Friday, October 31, 2008

Simple Survival Tips - Taking the Wind Out of Windburn

To prove life is not fair all you have to do is wind up feeling like you’ve got sunburn in the middle of the winter. With temperatures staying below freezing, you suddenly wind up saying to yourself, “What’s happening!” The reason is you’ve been zapped by windburn!

What’s in a name?

Windburn is actually a skin irritation despite what it’s called, even though it looks like a burn. Your skin will appear slightly red and swollen on any areas of your body that has been exposed to the wind. What’s happening? The wind is causing the loss of your protective layer of oil that is on the skin. When your skin dries out to an excessive degree due to the wind, you get an irritation that looks and feels like a real burn. To lessen or reverse the effects of windburn there are some simple steps you can take to lessen or prevent its damaging effects to your skin.

Moisture, Moisture, Moisture

Almost any type of injury to your skin can cause a painful irritation, using a good moisturizer will help to replace the oil layer on your skin while still allowing the skin to “breathe”.

Avoid Harsh Soaps

The more effective soap is as a cleaning agent, the more it will increase the drying effect on your skin and can even make your problems worse. Use milder soaps that have moisturizers.

Replenish the Oil on Your Skin

In really bad cases you made need to add some oil back to your skin. Vaseline or a light mineral oil can work great for this purpose. A zinc oxide paste, the white stuff lifeguards at the beach use on their noses, can be used as a preventive measure for windburn.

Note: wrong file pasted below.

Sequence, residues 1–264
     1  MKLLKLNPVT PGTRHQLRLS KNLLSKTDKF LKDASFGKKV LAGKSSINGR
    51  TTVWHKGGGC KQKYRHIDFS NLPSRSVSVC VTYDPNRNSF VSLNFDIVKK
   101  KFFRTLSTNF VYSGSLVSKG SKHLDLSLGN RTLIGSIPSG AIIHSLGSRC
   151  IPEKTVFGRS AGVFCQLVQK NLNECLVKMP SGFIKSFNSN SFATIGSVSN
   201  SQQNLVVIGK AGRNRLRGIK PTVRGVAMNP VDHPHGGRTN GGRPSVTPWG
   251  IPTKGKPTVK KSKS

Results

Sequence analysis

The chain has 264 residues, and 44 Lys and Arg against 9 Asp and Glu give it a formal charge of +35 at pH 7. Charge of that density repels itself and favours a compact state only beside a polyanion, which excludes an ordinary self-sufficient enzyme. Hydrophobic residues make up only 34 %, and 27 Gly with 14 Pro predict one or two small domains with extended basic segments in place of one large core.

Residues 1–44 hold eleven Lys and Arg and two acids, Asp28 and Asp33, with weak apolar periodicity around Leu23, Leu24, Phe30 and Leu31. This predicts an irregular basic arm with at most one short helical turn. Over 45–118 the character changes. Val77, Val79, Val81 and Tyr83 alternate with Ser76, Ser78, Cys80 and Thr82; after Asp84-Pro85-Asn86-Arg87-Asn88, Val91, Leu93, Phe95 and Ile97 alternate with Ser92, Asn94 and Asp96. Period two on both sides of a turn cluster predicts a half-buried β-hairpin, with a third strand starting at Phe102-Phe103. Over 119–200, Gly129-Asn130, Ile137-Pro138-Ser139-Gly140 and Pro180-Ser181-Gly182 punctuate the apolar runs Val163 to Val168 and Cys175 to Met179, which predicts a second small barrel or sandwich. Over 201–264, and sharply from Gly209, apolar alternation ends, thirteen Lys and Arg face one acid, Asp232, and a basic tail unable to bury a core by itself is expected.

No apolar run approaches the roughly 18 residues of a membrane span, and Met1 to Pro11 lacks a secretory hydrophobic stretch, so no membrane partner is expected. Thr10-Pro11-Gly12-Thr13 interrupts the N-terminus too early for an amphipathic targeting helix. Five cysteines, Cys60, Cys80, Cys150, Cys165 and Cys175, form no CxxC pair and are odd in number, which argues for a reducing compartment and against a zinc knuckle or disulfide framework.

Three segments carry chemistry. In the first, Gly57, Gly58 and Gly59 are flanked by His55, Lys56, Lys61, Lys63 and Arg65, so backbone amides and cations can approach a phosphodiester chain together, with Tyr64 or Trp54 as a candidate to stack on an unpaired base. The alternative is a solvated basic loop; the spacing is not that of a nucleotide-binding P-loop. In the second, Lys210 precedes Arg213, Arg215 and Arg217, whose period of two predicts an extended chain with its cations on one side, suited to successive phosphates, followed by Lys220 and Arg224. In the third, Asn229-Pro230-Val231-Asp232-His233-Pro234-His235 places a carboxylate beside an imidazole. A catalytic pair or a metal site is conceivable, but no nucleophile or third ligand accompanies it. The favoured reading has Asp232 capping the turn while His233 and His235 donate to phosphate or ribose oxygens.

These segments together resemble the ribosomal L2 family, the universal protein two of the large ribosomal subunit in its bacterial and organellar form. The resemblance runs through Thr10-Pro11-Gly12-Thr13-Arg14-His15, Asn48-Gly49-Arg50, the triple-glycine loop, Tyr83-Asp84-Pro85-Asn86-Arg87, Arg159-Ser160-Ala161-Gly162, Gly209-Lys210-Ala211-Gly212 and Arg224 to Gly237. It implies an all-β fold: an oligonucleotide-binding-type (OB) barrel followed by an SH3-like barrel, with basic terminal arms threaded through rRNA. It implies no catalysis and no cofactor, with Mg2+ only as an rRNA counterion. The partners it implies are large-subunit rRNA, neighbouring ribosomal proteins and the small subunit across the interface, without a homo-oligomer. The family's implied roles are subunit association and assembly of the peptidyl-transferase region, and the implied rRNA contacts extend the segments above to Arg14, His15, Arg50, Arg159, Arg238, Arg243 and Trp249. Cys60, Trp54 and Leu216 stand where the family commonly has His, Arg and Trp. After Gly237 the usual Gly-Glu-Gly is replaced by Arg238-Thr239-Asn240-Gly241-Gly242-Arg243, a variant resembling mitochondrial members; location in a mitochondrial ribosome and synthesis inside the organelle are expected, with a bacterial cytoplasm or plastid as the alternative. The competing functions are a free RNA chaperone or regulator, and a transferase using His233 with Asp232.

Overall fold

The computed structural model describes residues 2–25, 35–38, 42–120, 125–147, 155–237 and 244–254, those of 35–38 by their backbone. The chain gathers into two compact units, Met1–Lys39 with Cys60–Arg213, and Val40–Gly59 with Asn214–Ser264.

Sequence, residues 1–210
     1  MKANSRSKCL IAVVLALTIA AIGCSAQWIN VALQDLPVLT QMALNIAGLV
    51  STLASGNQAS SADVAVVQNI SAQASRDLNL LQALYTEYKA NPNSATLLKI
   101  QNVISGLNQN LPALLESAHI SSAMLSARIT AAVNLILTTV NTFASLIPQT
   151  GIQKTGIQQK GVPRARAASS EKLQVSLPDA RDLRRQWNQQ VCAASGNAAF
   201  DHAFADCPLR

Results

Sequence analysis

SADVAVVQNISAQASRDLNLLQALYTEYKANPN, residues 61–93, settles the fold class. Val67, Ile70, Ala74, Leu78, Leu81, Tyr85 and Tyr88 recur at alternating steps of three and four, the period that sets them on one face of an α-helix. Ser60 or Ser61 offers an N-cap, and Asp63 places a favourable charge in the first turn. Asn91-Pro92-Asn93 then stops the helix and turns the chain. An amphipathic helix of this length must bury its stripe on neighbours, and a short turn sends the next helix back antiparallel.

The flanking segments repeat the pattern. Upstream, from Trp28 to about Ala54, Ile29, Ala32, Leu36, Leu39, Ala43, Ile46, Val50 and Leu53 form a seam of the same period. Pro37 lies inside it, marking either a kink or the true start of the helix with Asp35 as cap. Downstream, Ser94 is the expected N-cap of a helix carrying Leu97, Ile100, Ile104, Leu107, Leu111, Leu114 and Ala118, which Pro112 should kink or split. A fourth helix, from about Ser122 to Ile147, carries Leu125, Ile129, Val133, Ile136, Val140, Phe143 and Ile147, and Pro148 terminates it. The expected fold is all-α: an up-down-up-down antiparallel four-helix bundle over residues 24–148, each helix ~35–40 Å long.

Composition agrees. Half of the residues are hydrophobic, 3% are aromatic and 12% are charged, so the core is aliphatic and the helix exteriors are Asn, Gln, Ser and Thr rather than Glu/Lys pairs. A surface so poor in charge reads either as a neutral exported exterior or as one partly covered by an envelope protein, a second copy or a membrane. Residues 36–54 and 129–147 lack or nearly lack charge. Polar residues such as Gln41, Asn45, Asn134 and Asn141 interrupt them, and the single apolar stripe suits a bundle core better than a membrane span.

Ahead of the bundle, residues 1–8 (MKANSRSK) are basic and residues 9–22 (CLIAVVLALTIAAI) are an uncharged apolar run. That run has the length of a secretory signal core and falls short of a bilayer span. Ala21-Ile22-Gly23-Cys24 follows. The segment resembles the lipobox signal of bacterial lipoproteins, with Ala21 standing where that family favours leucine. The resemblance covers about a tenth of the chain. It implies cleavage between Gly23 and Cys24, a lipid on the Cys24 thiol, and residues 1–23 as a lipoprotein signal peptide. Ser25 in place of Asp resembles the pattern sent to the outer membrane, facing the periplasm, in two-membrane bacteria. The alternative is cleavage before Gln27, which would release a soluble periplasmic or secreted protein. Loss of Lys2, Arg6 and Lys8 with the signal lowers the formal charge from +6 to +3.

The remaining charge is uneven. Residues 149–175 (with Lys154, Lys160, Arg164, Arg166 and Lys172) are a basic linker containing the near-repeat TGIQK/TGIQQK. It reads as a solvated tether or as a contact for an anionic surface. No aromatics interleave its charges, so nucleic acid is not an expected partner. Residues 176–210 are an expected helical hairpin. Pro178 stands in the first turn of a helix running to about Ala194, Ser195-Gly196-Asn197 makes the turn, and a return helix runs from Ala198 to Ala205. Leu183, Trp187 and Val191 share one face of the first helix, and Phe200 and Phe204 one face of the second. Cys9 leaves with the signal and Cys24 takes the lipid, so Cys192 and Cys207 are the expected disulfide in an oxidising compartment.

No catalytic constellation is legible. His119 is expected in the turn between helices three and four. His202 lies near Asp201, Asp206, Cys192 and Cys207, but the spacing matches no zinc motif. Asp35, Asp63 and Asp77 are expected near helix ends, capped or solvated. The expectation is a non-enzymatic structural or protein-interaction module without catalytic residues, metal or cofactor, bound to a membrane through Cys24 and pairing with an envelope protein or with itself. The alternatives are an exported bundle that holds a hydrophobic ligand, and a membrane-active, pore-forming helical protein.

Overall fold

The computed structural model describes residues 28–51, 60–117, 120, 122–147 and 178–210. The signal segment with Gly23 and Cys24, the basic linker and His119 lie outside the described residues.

Dress Properly

Always dress properly, your nose, lips, and ears are extremely susceptible to windburn.
Earmuffs, a wool cap, and a scarf or face covering of some sort is definitely in order.

Beware of Severe Weather Conditions

The wind chill factor can sometimes be more of a factor than the temperature. The wind chill factor can cause temperatures to go well below the current temperature. This can create extremely dangerous conditions. Stay informed about the weather conditions in your area and avoid extremely windy weather in winter if at all possible. If you do have to go outside, plan your route to take advantage of as much cover as possible to block the wind and eliminate or lessen the dangerous effects of wind_chill.

Here is a way to make winter mittens that are top of the line, inexpensive, and very durable:
Actually, you don't make them - you put them together.

Thanks Ron!

Staying above the water line!



Mayberry said...

Never get windburn down here! (nose grows 2 feet...). Heh heh heh, 25 MPH winds are nuthin'! We don't even put up the lawn furniture 'till it's blowin' 35 or more. Chicago: "windy city" my butt.....

Grumpyunk said...

Good advice, RW. The link is good too. I need some good cold weather gloves.

riverwalker said...

To: mayberry

You gettin' crusty from all that salt air! Ha! Ha!


riverwalker said...

To: grumpyunk

Ron gave me that link in his comment on my previous post.
Glad you can use it!


Related Posts with Thumbnails